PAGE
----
Posted on 25 March 2003
I met some people who were congratulating themselves and their colleagues on the results of the Armenian Temagan (Prelacy) Elections, which took place in Kuwait, Abu Dhabi and Sharjah in December 2002.
Unfortunately, there is little to celebrate in the way these Elections were conducted here. For example, Since 1994 three such Elections have taken place in Abu Dhabi, the immediate consequence of each, was the withdrawal of a score of compatriots from community life.
Another lose is the many hours spent during 6-7 months of endless talks and intrigues related to the Elections (calculated as thousands of accumulated hours). If we consider the time needed to prepare a typical Armenian cultural event (diasporan replica style) is about 10 hours (up to 50 hours for extravagant events), those who are willing to throw hundreds and hundreds of community hours to the trash, are, the least to say, badly informed about the purpose of these Elections.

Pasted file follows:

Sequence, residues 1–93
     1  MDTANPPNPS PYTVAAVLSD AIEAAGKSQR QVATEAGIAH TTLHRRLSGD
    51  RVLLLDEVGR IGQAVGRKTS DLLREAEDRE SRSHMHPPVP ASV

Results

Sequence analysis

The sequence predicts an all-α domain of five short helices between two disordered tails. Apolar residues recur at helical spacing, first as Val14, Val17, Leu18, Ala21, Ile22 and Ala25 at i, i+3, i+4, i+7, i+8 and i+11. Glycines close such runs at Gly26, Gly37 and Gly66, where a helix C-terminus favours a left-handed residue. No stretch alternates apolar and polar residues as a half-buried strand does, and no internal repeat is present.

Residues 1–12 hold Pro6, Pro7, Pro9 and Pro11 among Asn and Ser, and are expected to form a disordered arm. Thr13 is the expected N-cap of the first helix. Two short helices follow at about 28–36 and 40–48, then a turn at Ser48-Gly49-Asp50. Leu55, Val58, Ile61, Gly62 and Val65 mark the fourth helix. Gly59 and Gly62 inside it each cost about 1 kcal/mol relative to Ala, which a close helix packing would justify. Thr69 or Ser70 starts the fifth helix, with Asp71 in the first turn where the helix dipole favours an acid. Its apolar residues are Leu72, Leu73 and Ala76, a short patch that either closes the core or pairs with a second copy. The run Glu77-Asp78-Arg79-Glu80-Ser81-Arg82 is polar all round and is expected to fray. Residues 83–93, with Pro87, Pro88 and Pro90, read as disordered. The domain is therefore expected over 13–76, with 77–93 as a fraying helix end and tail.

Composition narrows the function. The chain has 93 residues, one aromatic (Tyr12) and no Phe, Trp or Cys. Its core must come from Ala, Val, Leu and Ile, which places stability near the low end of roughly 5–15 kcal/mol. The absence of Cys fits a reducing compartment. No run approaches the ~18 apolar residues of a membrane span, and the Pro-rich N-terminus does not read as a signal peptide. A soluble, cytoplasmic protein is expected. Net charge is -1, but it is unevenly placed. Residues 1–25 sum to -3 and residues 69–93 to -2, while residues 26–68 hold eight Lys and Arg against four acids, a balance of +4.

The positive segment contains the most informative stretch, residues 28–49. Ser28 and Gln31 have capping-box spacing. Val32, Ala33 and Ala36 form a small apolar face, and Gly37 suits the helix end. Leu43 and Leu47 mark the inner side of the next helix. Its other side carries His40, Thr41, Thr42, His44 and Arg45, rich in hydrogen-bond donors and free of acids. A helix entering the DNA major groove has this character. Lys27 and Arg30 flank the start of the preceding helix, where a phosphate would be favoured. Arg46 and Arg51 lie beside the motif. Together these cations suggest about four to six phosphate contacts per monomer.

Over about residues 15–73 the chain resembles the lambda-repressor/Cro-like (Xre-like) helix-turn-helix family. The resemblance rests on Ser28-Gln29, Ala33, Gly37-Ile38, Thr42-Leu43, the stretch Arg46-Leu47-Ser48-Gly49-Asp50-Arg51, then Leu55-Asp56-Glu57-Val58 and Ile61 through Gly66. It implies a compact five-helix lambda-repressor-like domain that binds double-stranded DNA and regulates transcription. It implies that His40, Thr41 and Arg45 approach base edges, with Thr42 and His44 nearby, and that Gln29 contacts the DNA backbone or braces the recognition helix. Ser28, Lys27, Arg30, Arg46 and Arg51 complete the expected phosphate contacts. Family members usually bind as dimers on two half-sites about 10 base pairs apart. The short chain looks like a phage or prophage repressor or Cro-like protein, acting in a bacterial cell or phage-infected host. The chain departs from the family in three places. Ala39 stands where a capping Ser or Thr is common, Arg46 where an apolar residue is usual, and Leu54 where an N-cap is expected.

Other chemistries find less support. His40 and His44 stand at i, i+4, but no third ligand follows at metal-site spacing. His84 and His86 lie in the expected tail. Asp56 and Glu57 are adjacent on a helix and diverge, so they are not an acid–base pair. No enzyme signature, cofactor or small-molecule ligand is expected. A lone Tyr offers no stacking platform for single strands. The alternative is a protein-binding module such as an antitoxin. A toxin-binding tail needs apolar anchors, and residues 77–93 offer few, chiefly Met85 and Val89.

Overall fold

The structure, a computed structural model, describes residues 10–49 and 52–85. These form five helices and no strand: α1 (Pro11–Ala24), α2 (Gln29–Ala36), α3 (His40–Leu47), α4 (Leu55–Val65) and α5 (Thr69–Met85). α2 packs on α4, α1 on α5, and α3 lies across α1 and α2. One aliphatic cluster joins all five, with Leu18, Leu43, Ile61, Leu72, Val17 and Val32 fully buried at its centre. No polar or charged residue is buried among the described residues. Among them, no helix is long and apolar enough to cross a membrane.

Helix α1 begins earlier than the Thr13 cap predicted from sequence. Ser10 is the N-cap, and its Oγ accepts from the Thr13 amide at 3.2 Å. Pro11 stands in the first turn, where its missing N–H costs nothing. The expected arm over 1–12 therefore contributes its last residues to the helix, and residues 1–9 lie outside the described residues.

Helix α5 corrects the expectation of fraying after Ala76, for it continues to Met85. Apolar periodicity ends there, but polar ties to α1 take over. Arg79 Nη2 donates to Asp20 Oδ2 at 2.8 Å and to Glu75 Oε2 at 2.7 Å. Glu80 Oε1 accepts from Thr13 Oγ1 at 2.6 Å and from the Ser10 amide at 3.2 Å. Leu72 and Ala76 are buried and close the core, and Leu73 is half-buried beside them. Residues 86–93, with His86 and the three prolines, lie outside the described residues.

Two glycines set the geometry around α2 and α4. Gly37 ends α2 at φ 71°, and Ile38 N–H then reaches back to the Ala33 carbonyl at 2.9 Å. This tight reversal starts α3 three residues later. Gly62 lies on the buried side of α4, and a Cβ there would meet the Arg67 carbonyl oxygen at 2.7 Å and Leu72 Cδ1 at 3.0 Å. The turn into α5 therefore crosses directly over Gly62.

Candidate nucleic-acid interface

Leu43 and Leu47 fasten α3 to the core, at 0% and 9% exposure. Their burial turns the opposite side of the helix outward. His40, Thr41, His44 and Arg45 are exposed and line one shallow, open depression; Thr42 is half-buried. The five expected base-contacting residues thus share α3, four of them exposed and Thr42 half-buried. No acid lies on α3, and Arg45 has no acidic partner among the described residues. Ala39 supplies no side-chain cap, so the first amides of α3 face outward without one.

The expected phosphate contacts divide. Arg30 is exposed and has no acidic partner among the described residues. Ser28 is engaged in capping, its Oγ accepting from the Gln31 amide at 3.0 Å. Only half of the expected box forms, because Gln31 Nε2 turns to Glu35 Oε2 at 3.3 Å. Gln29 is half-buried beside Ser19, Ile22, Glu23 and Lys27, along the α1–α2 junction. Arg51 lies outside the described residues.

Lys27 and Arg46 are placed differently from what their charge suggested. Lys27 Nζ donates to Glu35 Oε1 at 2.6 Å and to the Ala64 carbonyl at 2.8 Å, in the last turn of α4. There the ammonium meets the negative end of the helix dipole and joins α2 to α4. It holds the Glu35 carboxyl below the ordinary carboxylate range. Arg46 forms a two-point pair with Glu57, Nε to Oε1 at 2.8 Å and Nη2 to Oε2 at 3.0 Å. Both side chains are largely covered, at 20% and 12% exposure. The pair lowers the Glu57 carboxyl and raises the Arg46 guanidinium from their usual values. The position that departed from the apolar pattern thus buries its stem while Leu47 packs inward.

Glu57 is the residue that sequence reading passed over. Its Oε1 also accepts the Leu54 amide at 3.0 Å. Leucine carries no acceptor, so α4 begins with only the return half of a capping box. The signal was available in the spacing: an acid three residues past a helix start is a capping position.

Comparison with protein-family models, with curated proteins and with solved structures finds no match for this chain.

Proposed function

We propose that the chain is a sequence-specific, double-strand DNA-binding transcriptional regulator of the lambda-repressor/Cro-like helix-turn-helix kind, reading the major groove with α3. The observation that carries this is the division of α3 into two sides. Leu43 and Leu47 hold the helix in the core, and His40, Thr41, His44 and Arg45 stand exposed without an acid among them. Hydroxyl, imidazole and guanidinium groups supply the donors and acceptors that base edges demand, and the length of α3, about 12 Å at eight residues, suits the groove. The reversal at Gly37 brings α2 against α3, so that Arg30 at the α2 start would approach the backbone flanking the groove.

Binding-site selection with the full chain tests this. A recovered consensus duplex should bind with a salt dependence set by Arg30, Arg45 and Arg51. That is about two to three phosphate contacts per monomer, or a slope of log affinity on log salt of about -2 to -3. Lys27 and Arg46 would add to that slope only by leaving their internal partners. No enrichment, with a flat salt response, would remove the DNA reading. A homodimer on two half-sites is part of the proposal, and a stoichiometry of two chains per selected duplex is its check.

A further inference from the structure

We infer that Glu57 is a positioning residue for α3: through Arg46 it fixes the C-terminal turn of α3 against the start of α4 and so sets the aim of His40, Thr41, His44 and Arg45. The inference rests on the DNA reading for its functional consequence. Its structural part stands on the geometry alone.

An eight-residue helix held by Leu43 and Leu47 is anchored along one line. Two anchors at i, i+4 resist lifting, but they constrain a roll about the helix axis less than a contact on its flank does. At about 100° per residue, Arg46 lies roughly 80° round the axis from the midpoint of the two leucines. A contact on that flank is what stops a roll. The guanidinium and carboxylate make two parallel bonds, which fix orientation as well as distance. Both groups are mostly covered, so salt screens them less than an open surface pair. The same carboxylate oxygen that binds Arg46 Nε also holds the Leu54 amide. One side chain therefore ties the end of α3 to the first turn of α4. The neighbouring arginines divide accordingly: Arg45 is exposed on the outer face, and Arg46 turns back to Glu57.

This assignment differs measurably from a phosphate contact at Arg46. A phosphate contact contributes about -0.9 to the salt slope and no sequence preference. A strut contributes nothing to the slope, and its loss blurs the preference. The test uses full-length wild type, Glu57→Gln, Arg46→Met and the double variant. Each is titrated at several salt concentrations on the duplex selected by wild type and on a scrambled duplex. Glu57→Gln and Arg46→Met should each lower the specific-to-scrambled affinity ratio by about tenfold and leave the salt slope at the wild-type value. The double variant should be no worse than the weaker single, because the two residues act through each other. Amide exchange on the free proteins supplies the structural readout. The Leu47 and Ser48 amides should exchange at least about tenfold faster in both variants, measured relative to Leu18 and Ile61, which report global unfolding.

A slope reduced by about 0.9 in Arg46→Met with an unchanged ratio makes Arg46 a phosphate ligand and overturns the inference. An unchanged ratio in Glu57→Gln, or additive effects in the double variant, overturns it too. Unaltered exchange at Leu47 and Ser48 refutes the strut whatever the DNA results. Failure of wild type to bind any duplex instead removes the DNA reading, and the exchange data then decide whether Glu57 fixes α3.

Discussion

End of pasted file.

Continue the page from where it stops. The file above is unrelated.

The third but not final lose of the Temagan Elections is the schism in relations between the families and friends of the directly involved ones. Such a big disruption cannot be absorbed easily by small societies.
There are other negative results of the Temagan Elections, which I will not discuss today, as I do not want to dishearten the active members or provide pretext to the skeptics. The good news is that these Elections take place once every four years.